To sort your beans, start by arranging dried beans on a sheet pan or clean kitchen towel. Remove and discard any shriveled or broken beans, and any debris.

2. Wash the Beans

Place beans in a colander or strainer and rinse them under cold running water to wash away any dirt or dust.

3. Soak the Beans

Now here&aposs the part that everyone hates to hear: You need to soak the beans before cooking them on the stove. (Let&aposs just take a moment and collectively sigh about it.) But soaking your beans helps them cook faster and more evenly. And the good news is, you can get a similar effect with quick soaking methods. Here&aposs how to soak your beans two ways: overnight soak or short soak.

  • Overnight Soak for Beans: Soaking your beans overnight is the most traditional method, and it yields the best results. It allows you to cook beans on the stove quickly without sacrificing flavor or texture. To soak beans overnight, put the beans in a pot and cover with water by about two inches. Add 2 tablespoons kosher salt per pound of beans and allow them to soak for 4 to 12 hours, or overnight. Drain and rinse the beans before cooking.
  • Short Soak for Beans: If you didn&apost plan ahead to soak your beans overnight, don&apost fret. You can still get similar results using this quick soak method. To start, put the beans in a pot on the stove and cover with water by two inches. Add salt and bring to a boil. Turn off the heat and let the beans soak for an hour. Drain and rinse the beans before cooking.

4. Cook the Beans

Now we&aposre finally getting to the good part: how to cook your beans on the stove top. Start by placing your beans in a pot. Cover them with at least two inches of water. Now is the time to add any salt or aromatics to the water. Turn the heat to low and cover, stirring the beans occasionally. Never let your beans reach a roiling boil. Cooking time depends on the type of bean: Most pre-soaked beans will take between 45 minutes and 2 hours to cook. Periodically taste the beans or mash them against the side of the pot to test for doneness.

How to Cook Dried Beans in a Slow Cooker

Soaking the beans is not required when using a slow cooker, but it can help to reduce the cooking time in a slow cooker. If you can remember it, go ahead and soak your beans the night before. But if you forgot, no big deal! That&aposs the beauty of a slow cooker. Here&aposs how to cook your beans in a slow cooker, step-by-step:

1. Sort and Wash the Beans

Refer to instructions for the stovetop cooking method for more details.

2. Soak the Beans or Don&apost

If you do choose to soak your beans, refer to the instructions for the stovetop cooking method for more details.

3. Cook the Beans

Toss your beans into the slow cooker and cover with two inches of water or broth. Add any seasonings or aromatics (including salt). Set your slow cooker to the low setting, and cook until beans are done. This is going to vary based on the type of bean, and whether or not they are pre-soaked. Cook pre-soaked beans for 3 to 4 hours, and un-soaked beans for 5 to 6 hours. Test for doneness periodically by either tasting or mashing against the side of the pot.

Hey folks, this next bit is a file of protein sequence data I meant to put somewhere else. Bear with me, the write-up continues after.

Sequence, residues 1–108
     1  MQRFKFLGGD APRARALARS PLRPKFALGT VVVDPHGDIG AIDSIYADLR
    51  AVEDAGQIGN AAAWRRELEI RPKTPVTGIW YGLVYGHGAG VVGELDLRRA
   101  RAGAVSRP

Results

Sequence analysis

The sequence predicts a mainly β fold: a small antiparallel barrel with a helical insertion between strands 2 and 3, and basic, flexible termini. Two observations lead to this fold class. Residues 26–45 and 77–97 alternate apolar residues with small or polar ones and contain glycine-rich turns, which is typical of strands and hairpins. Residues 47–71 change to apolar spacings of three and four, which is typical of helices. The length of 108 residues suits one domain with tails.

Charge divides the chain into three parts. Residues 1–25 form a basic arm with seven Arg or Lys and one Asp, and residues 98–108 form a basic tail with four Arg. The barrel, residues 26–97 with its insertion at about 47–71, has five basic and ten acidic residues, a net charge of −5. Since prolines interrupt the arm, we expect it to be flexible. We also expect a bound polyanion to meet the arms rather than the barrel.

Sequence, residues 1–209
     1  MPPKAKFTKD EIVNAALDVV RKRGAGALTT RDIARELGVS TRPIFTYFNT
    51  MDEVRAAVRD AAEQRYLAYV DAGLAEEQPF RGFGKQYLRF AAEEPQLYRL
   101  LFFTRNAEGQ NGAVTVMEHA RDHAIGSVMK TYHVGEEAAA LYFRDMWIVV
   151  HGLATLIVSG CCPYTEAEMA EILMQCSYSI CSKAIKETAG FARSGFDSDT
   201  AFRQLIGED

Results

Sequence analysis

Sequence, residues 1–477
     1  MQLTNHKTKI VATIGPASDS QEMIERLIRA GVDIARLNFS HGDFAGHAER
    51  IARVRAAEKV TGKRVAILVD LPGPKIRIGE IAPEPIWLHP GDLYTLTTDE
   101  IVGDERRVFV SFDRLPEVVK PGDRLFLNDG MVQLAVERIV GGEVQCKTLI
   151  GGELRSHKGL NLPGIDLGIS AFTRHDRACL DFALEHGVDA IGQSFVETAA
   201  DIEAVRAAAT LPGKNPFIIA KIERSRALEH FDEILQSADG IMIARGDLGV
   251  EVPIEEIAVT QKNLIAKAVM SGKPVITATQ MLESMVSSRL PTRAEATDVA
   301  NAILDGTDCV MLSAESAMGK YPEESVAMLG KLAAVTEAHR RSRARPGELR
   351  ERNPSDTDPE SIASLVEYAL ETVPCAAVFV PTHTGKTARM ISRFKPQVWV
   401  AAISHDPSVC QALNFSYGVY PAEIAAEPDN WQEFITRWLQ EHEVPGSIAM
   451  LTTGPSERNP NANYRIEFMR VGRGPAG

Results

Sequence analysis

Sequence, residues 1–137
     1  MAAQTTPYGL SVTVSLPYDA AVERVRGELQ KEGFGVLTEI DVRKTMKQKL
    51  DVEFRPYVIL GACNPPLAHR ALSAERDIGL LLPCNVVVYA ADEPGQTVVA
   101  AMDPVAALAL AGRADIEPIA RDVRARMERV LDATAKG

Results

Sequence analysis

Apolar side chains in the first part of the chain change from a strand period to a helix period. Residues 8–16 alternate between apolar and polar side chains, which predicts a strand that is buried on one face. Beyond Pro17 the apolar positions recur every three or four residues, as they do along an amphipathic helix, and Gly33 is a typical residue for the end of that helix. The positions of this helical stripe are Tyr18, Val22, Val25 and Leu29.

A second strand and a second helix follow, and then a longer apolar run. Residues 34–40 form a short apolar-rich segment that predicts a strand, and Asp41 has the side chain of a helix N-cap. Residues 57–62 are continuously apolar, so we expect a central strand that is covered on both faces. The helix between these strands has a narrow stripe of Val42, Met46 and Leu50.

How to Cook Dried Beans in the Instant Pot

When it comes to cooking beans in an Instant Pot or any other electric pressure cooker, soaking goes out the window! So if you&aposve got one, there&aposs no quicker way to cook dried beans. Skip the soaking step, and follow the remainder of these steps for Instant Pot beans:

1. Sort and Wash the Beans

Refer to instructions for the stovetop cooking method for more details.

2. Cook the Beans

Add the beans to the Instant Pot inner pot. Add 8 cups water per pound of beans, and any aromatics you would like. Lock the lid and set the pressure valve to the sealing position. Cook on high pressure for 20 to 40 minutes depending on the type of bean. Here are the cooking times for common types of beans:

20-25 minutes: Black beans, black-eyed peas

25-30 minutes: Great Northern beans, navy beans, pinto beans

35-40 minutes: Cannellini beans, chickpeas/garbanzo beans

Allow the pressure to release naturally for about 30 minutes before releasing the remaining pressure. Drain and rinse the beans.

How to Cook Dried Bean in a Stovetop Pressure Cooker

Not an Instant Pot fan? That&aposs okay. A stovetop pressure cooker is an affordable option that also allows you to cook dried beans without soaking beforehand — although soaking won&apost hurt, and could even help the beans to remain intact better during the cooking process. Here&aposs how you do it:

1. Sort and Wash the Beans

Refer to instructions for the stovetop cooking method for more details.

2. Soak the Beans or Don&apost

If you do choose to soak your beans, refer to the instructions for the stovetop cooking method for more details.

3. Cook the Beans

Add 8 cups of water per pound of beans to the pressure cooker. Add any aromatics. Be sure to add oil! This prevents the steam vent from clogging. Secure the lid and turn the heat to high. Once it reaches high pressure, allow your beans to cook for 10 to 30  minutes (consult your manual for exact cooking times). When the time is up, allow the pressure to naturally release. Test for doneness periodically by either tasting or mashing against the side of the pot.

How Long Do Cooked Beans Last